Canadair CF-5 Freedom Fighter
A view of the back seat of a CF-5B in formation with another CF-5B near Cold Lake, Alberta. The helmet worn here is no longer in service, having been replaced by a lighter version.
Canadair CP-107 Argus
The Argus had a reputation as a workhorse and had tremendous endurance. With a flight crew of five, and an additional six sensor operators, the Aircraft flew missions in excess of twenty hours frequently. An Argus flown by 407 Maritime Patrol Squadron held the record for the longest flight by an unrefuelled Aircraft, slightly over 31 hours. This record stood for almost twenty years until broken by a Rutan experimental Aircraft which circled the globe unrefuelled. The Aircraft served from the 50's to the 80's until it was replaced by the current CP-140 Aurora Aircraft.
de Havilland CC-132 Dash 7
Only two Dash 7s were ever carried on strength with the Canadian Forces for use in Europe from 1979 until they were struck off strength on 9 August, 1985 (132002) and 8 April, 1987 (132001), both having been sold back to de Havilland. '001 had a "Low Density Seating Installation" while '002 had a passenger/cargo configuration and both were flown by 412 Transport Squadron Detachment Lahr where this Aircraft has been photographed overflying the base area.
de Havilland Comet
The RCAF (Royal Canadian Air Force) was the world's first air force to utilize jet transport. Two Comets entered service in the spring of 1953. Top speed of this Aircraft was 510 mph.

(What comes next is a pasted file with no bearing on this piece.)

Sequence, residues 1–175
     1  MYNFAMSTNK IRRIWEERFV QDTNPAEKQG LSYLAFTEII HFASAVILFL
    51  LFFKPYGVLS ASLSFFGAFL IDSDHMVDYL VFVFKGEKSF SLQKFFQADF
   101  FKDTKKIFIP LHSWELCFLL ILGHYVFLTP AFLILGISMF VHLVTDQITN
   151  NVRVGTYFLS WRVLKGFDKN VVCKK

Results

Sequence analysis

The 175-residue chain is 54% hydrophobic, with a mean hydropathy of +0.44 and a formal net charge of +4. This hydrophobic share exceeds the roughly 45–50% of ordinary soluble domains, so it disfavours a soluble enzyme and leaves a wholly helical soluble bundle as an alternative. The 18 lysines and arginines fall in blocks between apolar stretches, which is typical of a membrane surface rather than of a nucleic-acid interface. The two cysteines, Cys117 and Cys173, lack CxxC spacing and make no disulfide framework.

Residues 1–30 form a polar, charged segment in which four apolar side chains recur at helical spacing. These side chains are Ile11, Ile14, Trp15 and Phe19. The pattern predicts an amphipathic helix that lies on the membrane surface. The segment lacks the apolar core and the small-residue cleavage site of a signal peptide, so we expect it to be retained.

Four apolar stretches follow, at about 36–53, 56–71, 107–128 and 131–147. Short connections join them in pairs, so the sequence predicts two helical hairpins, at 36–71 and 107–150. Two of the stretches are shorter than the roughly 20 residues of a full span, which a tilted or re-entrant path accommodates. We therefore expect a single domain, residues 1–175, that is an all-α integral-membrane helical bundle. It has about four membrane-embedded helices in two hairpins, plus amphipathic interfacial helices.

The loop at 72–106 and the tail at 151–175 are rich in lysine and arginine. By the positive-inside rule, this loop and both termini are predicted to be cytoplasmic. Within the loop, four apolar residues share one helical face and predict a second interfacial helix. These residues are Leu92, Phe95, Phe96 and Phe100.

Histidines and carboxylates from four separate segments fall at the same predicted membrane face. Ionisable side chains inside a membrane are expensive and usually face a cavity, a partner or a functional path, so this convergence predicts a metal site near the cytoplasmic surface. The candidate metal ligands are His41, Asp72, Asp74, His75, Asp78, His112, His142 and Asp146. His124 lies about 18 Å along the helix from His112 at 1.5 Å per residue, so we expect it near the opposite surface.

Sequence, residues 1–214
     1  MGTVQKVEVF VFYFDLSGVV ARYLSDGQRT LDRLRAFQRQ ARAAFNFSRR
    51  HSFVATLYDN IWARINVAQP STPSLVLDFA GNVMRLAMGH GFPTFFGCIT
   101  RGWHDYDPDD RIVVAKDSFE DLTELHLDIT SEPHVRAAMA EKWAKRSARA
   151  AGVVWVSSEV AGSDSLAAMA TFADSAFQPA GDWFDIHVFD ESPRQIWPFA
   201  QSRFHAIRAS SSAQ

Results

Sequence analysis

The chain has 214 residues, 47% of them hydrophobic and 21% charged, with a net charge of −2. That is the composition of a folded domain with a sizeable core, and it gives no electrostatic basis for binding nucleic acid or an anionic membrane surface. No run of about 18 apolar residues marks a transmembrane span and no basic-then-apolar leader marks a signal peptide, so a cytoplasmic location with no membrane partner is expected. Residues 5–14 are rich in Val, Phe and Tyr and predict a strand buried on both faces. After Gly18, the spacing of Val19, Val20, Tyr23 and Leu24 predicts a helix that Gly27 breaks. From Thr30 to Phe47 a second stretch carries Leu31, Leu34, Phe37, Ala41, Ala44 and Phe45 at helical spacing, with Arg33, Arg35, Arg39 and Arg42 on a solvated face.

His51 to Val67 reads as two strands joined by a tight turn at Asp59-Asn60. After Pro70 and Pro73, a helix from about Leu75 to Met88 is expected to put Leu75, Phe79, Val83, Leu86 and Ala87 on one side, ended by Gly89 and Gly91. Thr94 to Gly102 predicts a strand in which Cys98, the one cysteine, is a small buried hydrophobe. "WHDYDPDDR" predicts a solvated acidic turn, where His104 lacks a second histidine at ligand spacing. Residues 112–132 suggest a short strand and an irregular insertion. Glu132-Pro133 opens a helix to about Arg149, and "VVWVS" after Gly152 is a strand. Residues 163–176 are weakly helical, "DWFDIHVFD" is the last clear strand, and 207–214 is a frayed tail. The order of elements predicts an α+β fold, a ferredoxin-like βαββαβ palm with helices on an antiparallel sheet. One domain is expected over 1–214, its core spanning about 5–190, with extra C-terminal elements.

Boeing 707 (CC-137)
Acquired in 1970, the Boeing CC-137 served the Canadian Forces as a strategic airlifter and air-to-air refueller for fighter Aircraft. The 137 fleet was retired in the summer of 1997.
Lockheed CP-127 (P2V-7) Neptune
A Lockheed Neptune on patrol over the picturesque coastline of British Columbia, Canada. First flown in 1944, the Neptune was eventually equipped with both piston and jet engines--one of the only Aircraft types ever to receive such a modification. The smaller jet engines are visible on this Neptune, just outboard of the props.
Canadair North Star
The Canadair North Star (a re-engined C-54/DC-4) served Air Transport Command from 1947 into the 1960s. The North Star was the first Aircraft to fly non-stop across Canada, from Vancouver to Halifax, on January 15, 1949, a distance of 2785 miles.
Canadair CC-106 Yukon
The Yukon or Canadair CL-44D used the same wing, tail surface, and undercarriage as the Bristol Britannia and CL-28 but with local strengthening to cater for increased weight. Direct operating costs were approximately 4 cents per ton-mile, a relatively small price to pay for a considerable payload. To illustrate, it could carry 2 CF-104 Starfighters, complete with engines, and fly them to Canadian bases in Germany non-stop.
de Havilland DHC-3 CC-123 Otter
The Otter entered service in 1953 and replaced the Noorduyn Norseman in the light utility transport role. The Otter flew with several squadrons until 1982 and also served overseas on a few UN peacekeeping missions. The Otter pictured here flew with 418 Squadron until 1982.
If you want all the RCAF historical information it can be found here:
All photos are from the: Canadian Department of National Defence
Sun, Jan 15 2012 4:11 PM